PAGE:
Season 1, Episode 1
Date of airing: August 5, 2003 (FOX)
Nielsen ratings information: 7.46 million viewers, 5.0/8 in Households, 2.9/8 with Adults 18-49
There is a reason THE O.C. might have started its lifetime in a successful way and soon became a pop culture event: FOX gave not only a pilot order, but a seven-episode summer run, giving Josh Schwartz a chance to create an entire show or at least a miniseries worth of teen drama, instead of just having to focus on the pilot to immediately attract audiences and network executives. Pilot season has become hell since the networks tried to emulate LOST midway through the 2000s, and failed to entertain me with shows like THE EVENT, REVOLUTION and FLASHFORWARD, so it was only natural that I would not care at all about the May Upfronts or the series premieres in September and October. In fact, I don’t even watch the trailers any longer, because I know that pilots are produced to make network executives and maybe advertisers happy, not the viewers. Any pilot that throws you into the mix of shits and giggles, and the writer forgets to properly introduce the characters, turning the first hour of business into substance over style, into quantity over quality, makes me shiver, and I generally hate the entire show before the writers even get the chance to properly get into the show with the second episode. Pilot season is an old relic of network television that needs to be dismantled, abolished, and written into the history book as something that once existed.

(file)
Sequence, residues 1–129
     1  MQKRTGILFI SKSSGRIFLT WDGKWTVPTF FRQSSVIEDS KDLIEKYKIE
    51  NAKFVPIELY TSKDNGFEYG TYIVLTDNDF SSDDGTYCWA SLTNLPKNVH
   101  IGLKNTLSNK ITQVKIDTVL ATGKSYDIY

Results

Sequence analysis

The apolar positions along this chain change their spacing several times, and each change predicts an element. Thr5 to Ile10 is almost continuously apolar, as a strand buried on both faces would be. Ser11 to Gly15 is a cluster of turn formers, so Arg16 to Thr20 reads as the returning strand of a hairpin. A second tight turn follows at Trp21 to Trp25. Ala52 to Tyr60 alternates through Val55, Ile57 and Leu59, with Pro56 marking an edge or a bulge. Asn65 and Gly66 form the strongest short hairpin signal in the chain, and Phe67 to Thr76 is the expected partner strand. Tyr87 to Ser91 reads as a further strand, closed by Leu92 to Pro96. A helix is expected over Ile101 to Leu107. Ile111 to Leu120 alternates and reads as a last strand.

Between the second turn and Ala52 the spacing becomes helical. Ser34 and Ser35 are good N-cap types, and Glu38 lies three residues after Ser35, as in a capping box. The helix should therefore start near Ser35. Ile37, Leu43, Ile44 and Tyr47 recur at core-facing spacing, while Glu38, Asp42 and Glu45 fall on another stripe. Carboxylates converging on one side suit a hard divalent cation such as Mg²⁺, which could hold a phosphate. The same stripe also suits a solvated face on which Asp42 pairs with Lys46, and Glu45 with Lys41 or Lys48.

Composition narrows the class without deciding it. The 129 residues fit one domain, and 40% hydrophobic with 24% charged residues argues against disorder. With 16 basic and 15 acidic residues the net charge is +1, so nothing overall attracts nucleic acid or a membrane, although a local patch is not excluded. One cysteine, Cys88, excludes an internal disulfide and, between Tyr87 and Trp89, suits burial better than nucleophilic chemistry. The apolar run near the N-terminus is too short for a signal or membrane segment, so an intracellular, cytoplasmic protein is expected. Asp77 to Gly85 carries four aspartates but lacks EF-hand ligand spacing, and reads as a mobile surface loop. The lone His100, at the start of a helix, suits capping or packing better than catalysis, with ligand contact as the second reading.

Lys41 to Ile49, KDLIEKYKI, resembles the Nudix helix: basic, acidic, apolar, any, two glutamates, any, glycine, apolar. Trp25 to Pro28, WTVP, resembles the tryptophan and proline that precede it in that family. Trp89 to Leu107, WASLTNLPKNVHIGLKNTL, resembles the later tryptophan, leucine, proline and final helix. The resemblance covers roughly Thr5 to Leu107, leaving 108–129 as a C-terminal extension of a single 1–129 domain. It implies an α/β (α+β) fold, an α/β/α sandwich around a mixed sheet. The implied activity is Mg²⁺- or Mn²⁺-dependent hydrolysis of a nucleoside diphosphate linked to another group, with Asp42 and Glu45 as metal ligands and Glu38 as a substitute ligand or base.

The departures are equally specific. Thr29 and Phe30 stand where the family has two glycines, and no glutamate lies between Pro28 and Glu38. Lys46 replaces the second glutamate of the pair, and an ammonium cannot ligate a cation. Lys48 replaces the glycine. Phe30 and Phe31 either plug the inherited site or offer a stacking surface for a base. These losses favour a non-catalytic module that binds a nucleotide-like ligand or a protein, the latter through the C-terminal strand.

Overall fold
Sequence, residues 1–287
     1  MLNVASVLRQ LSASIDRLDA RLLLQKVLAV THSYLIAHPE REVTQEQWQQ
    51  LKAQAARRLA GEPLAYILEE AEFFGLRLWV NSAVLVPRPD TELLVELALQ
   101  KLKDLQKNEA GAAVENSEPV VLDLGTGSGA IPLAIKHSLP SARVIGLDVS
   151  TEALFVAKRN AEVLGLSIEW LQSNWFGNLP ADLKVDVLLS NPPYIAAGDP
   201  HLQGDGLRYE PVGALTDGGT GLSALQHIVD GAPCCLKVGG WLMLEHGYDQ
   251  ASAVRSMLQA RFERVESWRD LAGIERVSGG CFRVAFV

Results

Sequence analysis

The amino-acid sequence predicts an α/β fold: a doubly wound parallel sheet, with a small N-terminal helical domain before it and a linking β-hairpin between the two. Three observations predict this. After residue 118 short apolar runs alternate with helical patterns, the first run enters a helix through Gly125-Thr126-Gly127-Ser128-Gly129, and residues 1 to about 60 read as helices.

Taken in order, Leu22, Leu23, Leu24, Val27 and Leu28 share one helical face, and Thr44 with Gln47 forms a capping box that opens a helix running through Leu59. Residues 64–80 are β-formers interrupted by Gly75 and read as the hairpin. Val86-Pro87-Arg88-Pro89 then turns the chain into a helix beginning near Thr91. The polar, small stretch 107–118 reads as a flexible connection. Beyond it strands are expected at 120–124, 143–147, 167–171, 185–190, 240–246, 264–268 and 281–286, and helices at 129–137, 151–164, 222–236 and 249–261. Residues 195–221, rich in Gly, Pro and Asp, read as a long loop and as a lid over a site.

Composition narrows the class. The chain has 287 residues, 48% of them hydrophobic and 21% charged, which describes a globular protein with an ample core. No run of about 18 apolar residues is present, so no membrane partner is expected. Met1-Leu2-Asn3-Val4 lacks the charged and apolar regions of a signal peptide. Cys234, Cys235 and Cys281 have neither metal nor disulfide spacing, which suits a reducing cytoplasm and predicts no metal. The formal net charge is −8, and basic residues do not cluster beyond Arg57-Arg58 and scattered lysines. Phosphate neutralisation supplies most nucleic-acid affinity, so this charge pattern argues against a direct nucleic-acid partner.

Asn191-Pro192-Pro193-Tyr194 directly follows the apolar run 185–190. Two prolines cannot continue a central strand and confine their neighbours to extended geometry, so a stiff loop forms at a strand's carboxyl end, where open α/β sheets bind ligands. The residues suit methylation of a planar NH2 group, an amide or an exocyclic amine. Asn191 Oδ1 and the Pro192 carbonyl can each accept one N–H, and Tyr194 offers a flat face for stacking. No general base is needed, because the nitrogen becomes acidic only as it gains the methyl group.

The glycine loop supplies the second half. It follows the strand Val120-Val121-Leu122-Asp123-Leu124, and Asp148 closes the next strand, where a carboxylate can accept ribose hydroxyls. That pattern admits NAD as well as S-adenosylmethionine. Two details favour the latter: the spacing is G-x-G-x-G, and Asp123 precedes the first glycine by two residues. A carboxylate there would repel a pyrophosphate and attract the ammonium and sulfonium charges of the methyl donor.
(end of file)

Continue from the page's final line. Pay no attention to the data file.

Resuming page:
THE O.C. found its way into the FOX executive offices through the pilot season, but it’s the simple fact that Schwartz was given a seven-episode order that gave him the chance to ease the audience into the show and its world, to focus on the characters, before screwing up things for them later. This episode didn’t even have a proper ending, as Ryan was standing in his empty home, because there was this sense that the episode, albeit it being over, wasn’t really over yet. The pilot wasn’t finished. Ryan’s entry into the world of Newport, California hasn’t been concluded yet. His very first character arc wasn’t done, because the very first episode ran out of time. Characters were introduced with a few glimmers of character arcs here and there — Marissa and her love for alcohol; Jimmy and his problem of money; Luke and his issues as the Orange County quarterback who thinks he is the king of swinging fists — but this was Ryan’s episode through and through, which means the show cared about giving you an entrance into the world of riches and expensive sunshine through the eyes of an everyday teenage criminal, because even for the generic viewer, Orange County was a place they have never heard of (I certainly never did, although my German background doesn’t allow me to know of American neighborhoods outside of the famous TV primetime soap zip code). Instead of getting thrown between characters and their many stories, these 45 minutes were all about getting acquainted with Orange County and its craziness. No one cares right now about the trials and tribulations of the high school students, and no one wants to know who cheats with whom on who. Setting the world and placing the characters in the first episode is more important than messing things up immediately, because writers and network executives still think that absolutely everything has to happen in the first episode. A lesson that either needs to be learned by the suits, or they can forego pilot season completely and just order shows as they come and like.